(First off, a caveat: Any number of those addresses, among the 36 million made public in the massive data dump, could be faked.)
See, it’s a sleepy time for official Washington, after all, with both chambers of Congress on recess, the president on vacation in Martha’s Vineyard and much of the rest of town in mice-will-play mode, content to let Iowa serve as the epicenter of cable soundbite-making. And not that any cheating public official would be publicly sweating out a fear of getting caught — even if he is mentally drafting that mea culpa press release.
But it does offer those remaining at their desks (or checking their Twitter feeds poolside) an August diversion. Chief among the reactions on Capitol Hill: Who the heck would use their work e-mail account to sign up for a site whose motto is “Life is short. Have an affair.”?
“It’s hard to believe, but there are still people who have expectations that their e-mail is their own, their computer is their own, their desk is their own, when in reality that’s not the case at all,” says Rebecca Gale, who writes a Hill workplace advice column for Roll Call newspaper. “For government jobs there should be an even higher expectation that you have no privacy.”
She guesses that anyone who would use a government address to sign up for a service might have done so without thinking, like when some Web browsers auto-fill billing information. But even low-level staffers should know better, she says. “You have to know that this could cost you your job — your boss will not want to be a part of this story.”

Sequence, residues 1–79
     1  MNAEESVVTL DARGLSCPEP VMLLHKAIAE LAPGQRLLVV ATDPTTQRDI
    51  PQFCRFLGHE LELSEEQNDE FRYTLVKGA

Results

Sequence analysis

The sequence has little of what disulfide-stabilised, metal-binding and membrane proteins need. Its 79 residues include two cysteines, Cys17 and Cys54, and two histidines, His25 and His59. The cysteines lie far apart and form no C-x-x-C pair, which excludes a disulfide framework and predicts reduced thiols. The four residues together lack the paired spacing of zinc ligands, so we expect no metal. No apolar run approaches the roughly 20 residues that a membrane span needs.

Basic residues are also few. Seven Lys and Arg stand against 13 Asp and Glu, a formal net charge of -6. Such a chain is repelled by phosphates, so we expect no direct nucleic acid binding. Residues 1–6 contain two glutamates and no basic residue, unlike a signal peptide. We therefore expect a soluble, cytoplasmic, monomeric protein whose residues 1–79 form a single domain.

And perhaps there’s reason for some far-behind-the-scenes angst. Ashley Madison has gleefully touted Washington as the country’s capital of cheating, naming it the “Least Faithful” city for the last three years. In May, the company claimed 59,000 people with D.C. Zip codes had registered on the site. “The more successful you are, the more prone to cheating you are, and Washington is full of successful people looking for something outside their marriage,” Noel Biderman, chief executive of parent company Avid Life Media, said in a 2012 statement.
Prominent Washington divorce attorney Sandy Ain isn’t counting on an uptick in business resulting from the hack — those implicated will try, he says, with varying success, to explain away their information’s presence amid the hacked data. “I don’t think it will make a material difference to me, though it might be disruptive to a few relationships in town,” he says. “It’s more likely to create some new business for my son, though.”
And what line of work is he in?